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Benign Recurrent Intrahepatic Cholestasis: Where Are We Now?

Eleni V. Geladari
Natalia G. Vallianou
Evangelia Margellou
Dimitris Kounatidis
Vassilios Sevastianos
1 and
Alexandra Alexopoulou
3rd Department of Internal Medicine & Liver Outpatient Clinic, Evangelismos General Hospital, 45-47 Ipsilantou Str., 10676 Athens, Greece
1st Department of Internal Medicine, Evangelismos General Hospital, 45-47 Ipsilantou Str., 10676 Athens, Greece
2nd Department of Medicine & Research Laboratory, Medical School, National & Kapodistrian University of Athens, Hippokration Hospital, 114 Vasilissis Sofias Str., 11527 Athens, Greece
Author to whom correspondence should be addressed.
Gastroenterol. Insights 2024, 15(1), 156-167;
Submission received: 22 November 2023 / Revised: 9 January 2024 / Accepted: 19 January 2024 / Published: 6 February 2024
(This article belongs to the Special Issue Feature Papers in Liver Research)


Benign recurrent intrahepatic cholestasis (BRIC) stands as a rare genetic contributor to cholestasis, aligning itself within the spectrum of inherited intrahepatic cholestasis syndromes, such as progressive familial intrahepatic cholestasis (PFIC) and intrahepatic cholestasis of pregnancy. Manifesting in infancy or early adulthood, BRIC is marked by recurrent episodes of jaundice accompanied by intense pruritus, enduring from weeks to years across the lifespan. Normal gamma-glutamyl transferase (GGT) levels are a characteristic laboratory finding. Initially considered unlikely to progress to chronic liver disease or cirrhosis, some reports suggest BRIC may evolve into a continuous and progressive form of cholestasis. Moreover, these recurrent cholestatic episodes significantly impact quality of life, and certain mutations elevate the risk of hepatobiliary malignancy. Between episodes, histological findings of centrilobular cholestasis and abnormal laboratory parameters revert to normal, potentially obviating the need for liver biopsy. This review focuses on the genetic aspects of BRIC, its pathophysiology, clinical presentation, and prognosis. Additionally, it outlines triggering factors and available treatment options.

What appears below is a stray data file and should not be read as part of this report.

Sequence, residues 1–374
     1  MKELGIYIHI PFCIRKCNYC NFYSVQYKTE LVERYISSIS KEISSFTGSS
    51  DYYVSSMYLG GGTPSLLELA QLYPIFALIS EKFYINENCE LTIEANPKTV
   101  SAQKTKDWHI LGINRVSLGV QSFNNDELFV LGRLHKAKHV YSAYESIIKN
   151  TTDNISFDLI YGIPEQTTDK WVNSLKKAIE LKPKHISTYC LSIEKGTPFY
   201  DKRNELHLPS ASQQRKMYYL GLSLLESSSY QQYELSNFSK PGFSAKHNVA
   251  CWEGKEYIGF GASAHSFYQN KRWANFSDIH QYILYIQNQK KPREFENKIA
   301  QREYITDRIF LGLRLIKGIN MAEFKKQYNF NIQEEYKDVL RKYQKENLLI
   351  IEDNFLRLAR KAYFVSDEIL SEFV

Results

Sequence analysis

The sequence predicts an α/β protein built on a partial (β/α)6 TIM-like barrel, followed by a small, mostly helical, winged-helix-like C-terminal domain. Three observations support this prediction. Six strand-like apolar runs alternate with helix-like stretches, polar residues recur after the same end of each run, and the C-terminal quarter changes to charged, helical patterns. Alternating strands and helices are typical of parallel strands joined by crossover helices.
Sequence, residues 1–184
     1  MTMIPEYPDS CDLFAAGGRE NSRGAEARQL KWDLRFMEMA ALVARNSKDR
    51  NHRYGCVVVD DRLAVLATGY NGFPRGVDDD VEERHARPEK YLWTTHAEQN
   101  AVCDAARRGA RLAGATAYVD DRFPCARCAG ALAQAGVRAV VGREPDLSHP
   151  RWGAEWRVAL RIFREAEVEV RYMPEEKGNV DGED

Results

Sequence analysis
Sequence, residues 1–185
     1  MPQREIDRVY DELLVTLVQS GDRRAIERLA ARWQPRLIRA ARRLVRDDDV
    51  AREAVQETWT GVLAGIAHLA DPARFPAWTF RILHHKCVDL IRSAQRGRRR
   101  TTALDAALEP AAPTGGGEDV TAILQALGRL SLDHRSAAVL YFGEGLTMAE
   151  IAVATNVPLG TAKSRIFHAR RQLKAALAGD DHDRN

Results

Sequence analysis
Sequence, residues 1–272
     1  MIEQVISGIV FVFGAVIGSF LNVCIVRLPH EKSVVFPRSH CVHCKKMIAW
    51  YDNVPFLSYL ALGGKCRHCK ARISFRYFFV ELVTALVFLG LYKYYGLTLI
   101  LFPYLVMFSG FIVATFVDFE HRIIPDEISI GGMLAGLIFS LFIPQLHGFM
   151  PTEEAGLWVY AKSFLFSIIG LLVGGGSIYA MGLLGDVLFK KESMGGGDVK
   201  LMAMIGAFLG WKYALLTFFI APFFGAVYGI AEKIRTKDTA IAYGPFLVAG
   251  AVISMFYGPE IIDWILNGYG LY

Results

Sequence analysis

1. Introduction

Benign recurrent intrahepatic cholestasis (BRIC) is a genetically determined, autosomal recessive disorder [1,2]. It was first described by Summerskill and Walshe in 1959 as a cause of jaundice [3]. Characterized by recurrent episodes of jaundice, pruritus, anorexia, nausea, vomiting, and steatorrhea, BRIC manifests symptoms that can mimic a malignant condition, leading to weight loss [1,2,3,4,5,6,7,8,9]. However, BRIC is a benign clinical entity, as between the episodes, patients experience good clinical condition with normal laboratory values and histologic findings in liver histology. This return to normality is typical of BRIC. The attacks can last for weeks to years, presenting with cholestatic laboratory profiles and abnormal histopathology. Despite its characterization as a benign syndrome, BRIC carries the risk of developing a permanent form of cholestasis in some reports [10,11].
During attacks, liver biopsy specimens reveal intrahepatic non-inflammatory cholestasis and hyperplasia of Kupffer cells [12,13]. Elevated levels of serum conjugated bilirubin and alkaline phosphatase (ALP) are observed, while serum gamma-glutamyl transferase (GGT) levels and transaminases remain normal or only slightly increased [12,13]. It is noteworthy that normality in serum GGT values, contrasting with an abnormal biochemical liver profile, should raise the clinical suspicion of BRIC. This review aims to explore the genetic aspects of BRIC, its triggering factors, pathophysiology, clinical presentation, diagnosis, prognosis, and treatment options.